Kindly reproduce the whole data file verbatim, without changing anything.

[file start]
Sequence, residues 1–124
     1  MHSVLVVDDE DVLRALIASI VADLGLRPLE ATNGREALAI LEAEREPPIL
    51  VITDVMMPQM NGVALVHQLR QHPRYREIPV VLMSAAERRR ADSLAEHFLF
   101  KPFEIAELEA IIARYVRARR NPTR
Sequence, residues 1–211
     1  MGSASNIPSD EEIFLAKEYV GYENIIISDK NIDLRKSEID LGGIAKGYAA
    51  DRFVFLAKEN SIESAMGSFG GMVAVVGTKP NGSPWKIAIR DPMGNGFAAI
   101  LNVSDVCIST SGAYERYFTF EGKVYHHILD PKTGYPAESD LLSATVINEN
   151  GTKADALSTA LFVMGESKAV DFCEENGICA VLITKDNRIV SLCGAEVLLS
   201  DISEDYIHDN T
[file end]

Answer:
Sequence, residues 1–124
     1  MHSVLVVDDE DVLRALIASI VADLGLRPLE ATNGREALAI LEAEREPPIL
    51  VITDVMMPQM NGVALVHQLR QHPRYREIPV VLMSAAERRR ADSLAEHFLF
   101  KPFEIAELEA IIARYVRARR NPTR
Sequence, residues 1–211
     1  MGSASNIPSD EEIFLAKEYV GYENIIISDK NIDLRKSEID LGGIAKGYAA
    51  DRFVFLAKEN SIESAMGSFG GMVAVVGTKP NGSPWKIAIR DPMGNGFAAI
   101  LNVSDVCIST SGAYERYFTF EGKVYHHILD PKTGYPAESD LLSATVINEN
   151  GTKADALSTA LFVMGESKAV DFCEENGICA VLITKDNRIV SLCGAEVLLS
   201  DISEDYIHDN T